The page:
Trimming your Beef for Biltong Steaks | Making Biltong – Part 3
Trimming your Beef for Biltong Steaks
Hello. ! Daryl here again. Biltong Solutions. What are we going to do now? Well, we’ve covered spice, we’ve covered what type of meat to actually buy to make your biltong, and now we’re going to go on to the actual cutting itself, the prep work. So, as we said before, we talked about silversides, and what we’ve got here is a whole piece of silverside now, taken out of the packet and drained of its blood. You’ve got two sides, which is that side up, and then you’ve got the other side, which is the fat side. What you want to do is lay the fat side down on your surface, and it doesn’t really matter which way it’s facing you, this way or even that way. It just depends on whether you’re left-handed or right-handed really. So I’m going to do it this way.
Now, the first thing you’ll notice is, generally, with silversides, you are going to get a big strip of sinew or like ligaments between the muscles, and that’s what this piece is here. It’s very tough.
Camermanman: Very chewy.
Daryl: Very chewy. And basically, you wouldn’t want it in your mouth. So we want to get rid of that first. There’s a piece here, and, generally, there’s another piece around this area here. So that’s what we’ll do first. So, really, what you want to do . .. oh, knives, you want to have a boning knife, which is to do a bit of knife work, for getting in close, and then you’ve got a steak knife, a regular knife, for doing the long cutting of the meat itself.
Cameramman: The boning knife’s good for the sinew, isn’t it?
Daryl: Yeah, exactly. The boning knife is for sort of trimming up odd bits here and there really. So that’s what you want to do. Any sort of gristle, sinew, you want to take it off now, because it’s going to end up in your product, and you don’t really want to be eating that. So first thing you do, you can take a bit of the surface fat off, that’s fine, but you want to get under the sinew. And the easiest way to do that is if you actually go, if you see there, you can go under the sinew itself. Use your boning knife and get under the sinew. Now this sinew is tough, believe me. I mean the knife will cut it, but you can actually use it as a guide to take the sinew off. Now, get your finger in there, if you like. Obviously, be very careful, but slightly angle your knife up, and you will find that your knife will be guided along the sinew itself, and it will actually help. It should come off all in one piece, because, effectively, you’re just taking off the sinew. See, there you go.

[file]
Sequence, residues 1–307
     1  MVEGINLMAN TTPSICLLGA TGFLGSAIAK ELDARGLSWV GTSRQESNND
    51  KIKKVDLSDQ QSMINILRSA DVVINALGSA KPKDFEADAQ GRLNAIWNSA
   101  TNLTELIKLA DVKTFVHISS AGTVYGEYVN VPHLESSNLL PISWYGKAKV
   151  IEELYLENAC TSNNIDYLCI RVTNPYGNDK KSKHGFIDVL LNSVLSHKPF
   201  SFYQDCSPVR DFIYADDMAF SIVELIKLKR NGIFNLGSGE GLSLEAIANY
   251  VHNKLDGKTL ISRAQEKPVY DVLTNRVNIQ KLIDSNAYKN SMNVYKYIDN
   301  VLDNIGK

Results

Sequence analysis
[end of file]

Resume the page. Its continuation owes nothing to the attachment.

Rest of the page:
Cameraman: Just a little bit more trimming there, but . . .
Daryl: Yeah. But, I mean, that’s it. Basically, that’s what you do. When you’re cutting up and the sinew is guiding your knife along what you want to take.
Cameraman: So, as you said, you angle it up. You don’t have much meat waste, then, by the looks of it.
Daryl: No, because you’re following the sinew, and you’re not really taking the meat. I mean, there’s always . . . your first strip will always be the big one, and then you have a bit of secondary. It’s up to you entirely how much you want to take off. You’ve got a bit of sinew here. It’s entirely up to you to what extent you want to trim your silverside up.
Cameraman: The first couple of times you do this there might be some big chunks come out.
Daryl: Well, yeah, I mean, even if you consider that waste. I mean, you might be a person who doesn’t like any gristly bits or sinew in your product. That’s fine. Cut it to your specification. We’re just saying, we’re showing you how to do it really. There’s obviously a bit more here. Generally, that’s not too bad. There is a little bit of a gristly bit there. We’ll take that out. We don’t like to eat that.
Then, I like to sort of turn the meat around, and you’ll find. . . well, actually I’ll show you. There’s another piece of muscle here. It’s like an eye of meat, which runs just there.
Cameraman: They sometimes call that the salmon, don’t they?
Daryl: Yeah, salmon, that’s exactly it. But, really, what you can do, you’ll see this flappy bit here, and you’ll see there’s actually a natural grain joined to the meat. If you just sort of follow this here, you’ll see that it sort of splits.
Cameraman: I know some people don’t even cut that out, because you can cut right through it.
Daryl: Yeah, it’s entirely optional really. I just like to take it off, because ultimately . . .
Cameraman: You strive for perfection.
Daryl: Well, yeah, perfection, of course. But ultimately, it gives you two pieces of meat. I mean, that’s a nice little round piece of meat, which we will cut.
Cameraman: That’s the salmon.
Daryl: That’s the salmon, and this is another piece of prep work. There is another little bit of gristly bit here. So you’ll see that, and we just like to take that off, because, again, you can see that vein of sinew running down there. All right. Go on.
So that’s it really. Yeah, we have two pieces of meat ready to go. That’s your preparation, removal of sinew, and then what we’ll do in the next video, we’ll show you how to actually cut the meat itself, ready for making the biltong.
Okay, thank you.
Got on to Video 4 – Cutting your Beef for Biltong